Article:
The Witch's Guide to Cooking With Children, by Keith McGowan (Henry Holt, 2009), is a Hansel and Gretel reimaging--in this case, the children, and the witch who wants to eat them, are nextdoor neighbors in a modern urban setting. The reader knows from the get go what's up, as the book opens with passages from the witch's journal, describing her nasty dietary habits and the means of procurement she uses. And it does not take long for eleven-year-old Sol and his little sister Connie to realize that something is very wrong with their neighbor--scientifically minded Sol can't help but notice that her dog is playing with a human femur. Their father and stepmother (with nasty secrets of their own) have a good reason for wanting the kids gone...but will Connie's cussedness and Sol's scientific smarts be sufficient to keep them out of the pot?
Clearly, if you are disturbed by truly mordant humor of the sort in which children are eaten you will not enjoy this book. However, I didn't actually find this to be the stuff of nightmares. Nightmares are lurking threats, looming ever closer, insidiously building in terror....and those sorts of books make me sad and sorry for the kids involved, and anxious to hug my own. But here, since we see the witch from the beginning, reminiscing about different recipes she's used, the threat is right there up front, in an almost over-the-top, verging on absurd, way. It's handy that readers are given this perspective immediately, so that they can decide whether to continue or not with little investment!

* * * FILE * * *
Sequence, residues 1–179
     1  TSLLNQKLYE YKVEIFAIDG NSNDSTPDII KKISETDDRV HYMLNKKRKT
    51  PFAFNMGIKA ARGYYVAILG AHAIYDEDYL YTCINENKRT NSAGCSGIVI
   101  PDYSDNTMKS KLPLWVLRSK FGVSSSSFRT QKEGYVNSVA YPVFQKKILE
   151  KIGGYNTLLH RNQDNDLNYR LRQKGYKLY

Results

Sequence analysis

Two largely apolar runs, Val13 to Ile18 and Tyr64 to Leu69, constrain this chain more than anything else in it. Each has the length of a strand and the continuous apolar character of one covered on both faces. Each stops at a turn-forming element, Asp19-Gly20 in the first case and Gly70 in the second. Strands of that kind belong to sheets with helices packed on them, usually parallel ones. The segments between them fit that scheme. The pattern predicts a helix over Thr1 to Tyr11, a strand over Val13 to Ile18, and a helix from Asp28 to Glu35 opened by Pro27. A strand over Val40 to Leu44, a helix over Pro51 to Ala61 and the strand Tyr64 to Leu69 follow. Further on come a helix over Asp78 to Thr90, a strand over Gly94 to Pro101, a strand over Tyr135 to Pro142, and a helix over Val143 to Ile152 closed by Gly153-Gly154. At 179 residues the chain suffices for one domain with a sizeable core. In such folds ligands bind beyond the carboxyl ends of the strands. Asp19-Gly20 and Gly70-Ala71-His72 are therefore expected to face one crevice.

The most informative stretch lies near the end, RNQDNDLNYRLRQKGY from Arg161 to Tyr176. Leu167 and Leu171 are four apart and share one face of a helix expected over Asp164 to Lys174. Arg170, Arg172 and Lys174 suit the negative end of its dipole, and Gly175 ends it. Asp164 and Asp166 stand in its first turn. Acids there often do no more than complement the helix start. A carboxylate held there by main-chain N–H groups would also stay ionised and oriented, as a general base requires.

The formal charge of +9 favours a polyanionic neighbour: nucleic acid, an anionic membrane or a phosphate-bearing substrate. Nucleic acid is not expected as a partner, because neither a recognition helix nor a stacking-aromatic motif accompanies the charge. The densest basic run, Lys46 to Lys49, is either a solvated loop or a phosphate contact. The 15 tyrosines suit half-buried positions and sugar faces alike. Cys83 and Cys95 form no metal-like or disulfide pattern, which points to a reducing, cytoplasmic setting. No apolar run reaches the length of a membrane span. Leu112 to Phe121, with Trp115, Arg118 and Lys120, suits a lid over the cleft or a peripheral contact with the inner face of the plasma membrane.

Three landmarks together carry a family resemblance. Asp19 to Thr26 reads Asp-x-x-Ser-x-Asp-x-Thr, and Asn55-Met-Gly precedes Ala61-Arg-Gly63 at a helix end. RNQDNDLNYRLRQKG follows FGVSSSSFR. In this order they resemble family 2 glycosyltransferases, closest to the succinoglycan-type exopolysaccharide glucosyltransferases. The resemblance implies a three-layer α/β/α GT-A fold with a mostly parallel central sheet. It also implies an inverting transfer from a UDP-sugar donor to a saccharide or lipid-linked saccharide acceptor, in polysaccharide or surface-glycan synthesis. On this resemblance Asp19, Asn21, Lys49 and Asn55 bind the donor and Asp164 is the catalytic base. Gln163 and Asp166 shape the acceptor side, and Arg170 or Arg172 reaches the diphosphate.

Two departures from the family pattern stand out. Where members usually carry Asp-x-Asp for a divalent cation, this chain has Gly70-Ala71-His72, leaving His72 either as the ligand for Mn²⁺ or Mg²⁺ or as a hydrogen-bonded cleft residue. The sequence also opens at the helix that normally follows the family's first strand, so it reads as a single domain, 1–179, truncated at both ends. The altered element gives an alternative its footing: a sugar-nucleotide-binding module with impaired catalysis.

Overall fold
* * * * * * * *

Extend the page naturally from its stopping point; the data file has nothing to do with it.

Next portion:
I myself was happy to keep going, and found it, as it were, very tasty--a fun, fast read that did not inspire any anxiety viz children being eaten. There are many little bits that amused me lots, like a nice modern twist on the breadcrumbs that Hansel used to mark the path home. The sibling conflicts between Sol and Connie added depth, and Sol's character--he's a science geek type, unblessed with sympathetic friends, craving support and understanding-- was appealing (and this is what made me anxious to hug my own older one). And I found the "let's tell it like it is" perspective of the witch amusing.
Many kids do have a dark sense of humor (I myself, sweet and nice though I was, enjoyed Edward Gory very much at a young age), and I can imagine mine enjoying this one. That being said, I can also imagine my younger one (10) asking me how I could give him a book that's so mean. Hard to know.
The ending is an ending--as in the original story, the witch gets what she deserves--but obviously Sol and Connie can go home again. I'm half-way through the sequel right now--The Witch's Curse--and am actually more anxious reading this one. Even though the danger of being eaten is past, the kids aren't out of the woods yet...
I don't often notice illustrations, because of being so busy reading, but couldn't help but notice that the black and white drawings here added beautiful to the balance between humor and fear--here's an example from the author's website:
Recommended enthusiastically, but cautiously--it won't be for everyone, but those who enjoy it will enjoy it lots! Here's another blog review from Liz at A Chair, a Fireplace, and a Tea Cozy.
disclaimer: review copy received from the publisher